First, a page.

Suzuki DR350 & 650, South Africa

Dreaming Through Drakensberg

| Blog South Africa

Craning your neck, I stare straight up at the Sani Pass that looms over our camping post. Excitement ripples through my gut. We are going to tackle that tomorrow, I think to myself with a smug look on my face. We have just arrived at the bottom of Sani Pass in Drakensberg at a beautiful backpackers. The overnight break will give us a chance to adjust ourselves and our bikes before we tackle a notoriously hard road the following day.

Leaving Johannesburg was a pain. There are so many toll road. Everyone one of them eating into our daily budget as they easy range from 30 ZAR to 70 ZAR (3 – 7€) each. To avoid them, we set our GPS to guide us down the provincial roads that twine through the countryside and criss-cross over the main highway. Every now and then we had to pop back onto the highway just to fill up on petrol at one of the many large service centers. When we were able too, we would head back onto the provincial roads with the other cheap bastards!

Just to step up my good feeling another notch, we turned off onto a even smaller road, and the asphalt disappeared completely, leaving us with just dirt, stones and more dirt. My smile just grew even bigger. Gliding over the bumps, taking the slippery corners, being stunned by the ever changing vistas became my world for the next few hours of my life.

It was over before I knew it and we arrived at our camp stop for the night. I wasn’t sure if my location for my tent was good enough. It was under a tree to stop the early morning sun, in front of guesthouse buildings overlooking Woodstock Dam onto the mountains that create a border between South Africa and Lesotho. I think it will do, for tonight at least! Once we had everything in our tent laid out it was time for a beer. It was our first day on the road and it felt good. After a couple of months being stationary, it felt liberating to shake off the concrete jungle feeling and get some fresh air on my face once again.

That one night turned into two nights, then three. It was hard to tear ourselves away from this beautiful area. Our campsite turned out to be perfect, the sun didn’t wake us up and the morning mist just hung around the Woodstock Dam before it burnt off. But a time comes when you need to change your vista. We packed up our gear, I completed a quick oil change and left only the imprint of our tent in the soft grass.

We rode onwards towards Sani Pass, an infamous road that would take us over the mountain and into Lesotho. Once again by just following the minor road that wrapped itself around the base of the mountains. Several hours later we arrive into a small township just outside Underberg. We pulled into a small cafe only to discover it was like visiting your grandma. It was jam-packed full of jams, chutneys, cakes, pies, stews and much much more. We sat around a tiny wooden table and ate our tasty late lunch. People came and went from the shop all stopping by our table to have a chat with us. I really felt welcomed into the community.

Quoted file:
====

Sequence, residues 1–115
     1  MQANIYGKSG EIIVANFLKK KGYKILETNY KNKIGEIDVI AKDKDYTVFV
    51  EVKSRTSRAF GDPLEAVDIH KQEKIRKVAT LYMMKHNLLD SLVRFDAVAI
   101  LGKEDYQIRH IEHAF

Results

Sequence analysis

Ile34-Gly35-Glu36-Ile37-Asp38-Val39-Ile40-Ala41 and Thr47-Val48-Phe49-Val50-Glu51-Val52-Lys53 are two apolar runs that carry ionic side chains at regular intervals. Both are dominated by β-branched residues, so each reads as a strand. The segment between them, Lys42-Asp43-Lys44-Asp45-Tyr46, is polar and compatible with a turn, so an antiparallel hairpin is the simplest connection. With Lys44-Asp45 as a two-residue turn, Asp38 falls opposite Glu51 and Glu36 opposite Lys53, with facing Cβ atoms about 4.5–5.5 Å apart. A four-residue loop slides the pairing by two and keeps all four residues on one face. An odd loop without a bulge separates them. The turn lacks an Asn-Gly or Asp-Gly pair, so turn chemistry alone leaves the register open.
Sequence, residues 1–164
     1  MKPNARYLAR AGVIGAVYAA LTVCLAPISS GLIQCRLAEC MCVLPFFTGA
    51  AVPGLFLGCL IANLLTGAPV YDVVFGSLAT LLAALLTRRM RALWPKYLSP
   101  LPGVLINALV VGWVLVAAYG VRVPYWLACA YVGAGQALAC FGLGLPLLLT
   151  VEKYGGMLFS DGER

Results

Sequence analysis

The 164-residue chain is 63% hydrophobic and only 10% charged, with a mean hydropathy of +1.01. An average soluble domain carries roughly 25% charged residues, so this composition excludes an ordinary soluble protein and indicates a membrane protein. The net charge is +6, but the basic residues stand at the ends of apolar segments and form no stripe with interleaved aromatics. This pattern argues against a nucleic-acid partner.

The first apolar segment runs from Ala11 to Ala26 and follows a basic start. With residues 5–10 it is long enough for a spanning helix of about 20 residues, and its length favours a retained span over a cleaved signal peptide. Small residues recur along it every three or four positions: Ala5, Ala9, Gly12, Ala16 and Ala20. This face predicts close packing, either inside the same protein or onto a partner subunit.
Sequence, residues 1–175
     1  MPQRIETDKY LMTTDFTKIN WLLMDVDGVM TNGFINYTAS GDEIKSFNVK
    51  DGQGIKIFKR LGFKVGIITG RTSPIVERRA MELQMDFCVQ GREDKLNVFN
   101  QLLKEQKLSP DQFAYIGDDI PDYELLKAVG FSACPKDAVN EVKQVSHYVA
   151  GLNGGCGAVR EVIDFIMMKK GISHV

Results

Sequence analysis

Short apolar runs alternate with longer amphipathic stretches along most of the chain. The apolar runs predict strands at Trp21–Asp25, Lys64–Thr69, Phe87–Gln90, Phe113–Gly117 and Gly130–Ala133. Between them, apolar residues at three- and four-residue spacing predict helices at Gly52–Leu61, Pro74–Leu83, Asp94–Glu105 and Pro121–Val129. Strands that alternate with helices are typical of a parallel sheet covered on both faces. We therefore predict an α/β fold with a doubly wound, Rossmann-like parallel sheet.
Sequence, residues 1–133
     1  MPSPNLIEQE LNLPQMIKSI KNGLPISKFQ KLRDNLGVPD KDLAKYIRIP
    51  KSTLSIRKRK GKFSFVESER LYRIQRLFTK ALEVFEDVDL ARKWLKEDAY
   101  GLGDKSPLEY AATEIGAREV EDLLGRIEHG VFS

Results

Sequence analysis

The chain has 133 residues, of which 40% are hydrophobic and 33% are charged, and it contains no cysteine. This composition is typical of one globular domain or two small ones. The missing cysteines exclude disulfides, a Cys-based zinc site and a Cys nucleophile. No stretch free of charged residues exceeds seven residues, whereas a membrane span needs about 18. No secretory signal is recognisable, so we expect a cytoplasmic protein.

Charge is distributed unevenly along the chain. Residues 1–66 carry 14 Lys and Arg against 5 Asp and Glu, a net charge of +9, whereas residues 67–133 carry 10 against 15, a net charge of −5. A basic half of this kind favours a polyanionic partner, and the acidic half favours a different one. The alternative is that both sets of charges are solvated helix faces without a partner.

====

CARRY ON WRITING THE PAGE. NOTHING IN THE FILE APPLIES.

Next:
Tearing ourselves away from all the good home cooked food. We rode the last few kilometers to our campsite at the foot of Sani Pass. This camp spot was completely different from the last, but just as exciting. We had our own private nook surrounded by trees within the camp ground. It not only meant that we had more privacy but at least we could get out of the tent before putting on your pants! We headed up to the main common room grabbed a beer and started talking to a lanky british guy. This guy had been at the backpackers for a week and had completed almost all of the walks in the area. It wasn’t long before he convinced us to take a hike through the countryside and even recommended one. Looked like we would be staying here another day!

The following morning, we took a map that was provided by the guesthouse and hit the mountain. We strolled through the hills, under a waterfall where we had lunch and back around to a river which we followed out to the main road. It wasn’t an easy day and we cover over 20 kilometers and got lost right at the same point the map actually warned us not to get lost at! I was stuffed. Thank god, that the guesthouse did an amazing fixed menu dinner that would satisfy any hungry hiker.

We woke the next day to the sound of rain hitting the walls of our tent. We looked at each other and made the executive decision to snuggle further into our sleeping bags and stay another day. It was raining after all. During a break in the weather, we thought we should top up our food supplies in town. When we got to Mike’s bike we discovered he had left the keys on. Which equals a flat battery! We pushed the bike out onto the road to make our lives a little bit easier. We got the bike started eventually after a lot of huffing and puffing from me.

At the supermarket, we were loaded up with everything we need, we jumped onto Mike’s bike and he pressed the start button. Nothing. He pressed again and nothing happened. Getting off the bike, I pushed Mikes bike down the carpark to get it going again. Of course with everyone watching. On the way back to the campground, we pulled into the only motorcycle shop in the area. “Do you happen to have this type of battery?” When the lady said yes, we were both surprised! We are used things taking time and items need to be ordered in. We fitted the battery within a few minutes and rode off completely happy our problem was solved so quickly and so easily. We were now ready to tackle Sani Pass tomorrow.

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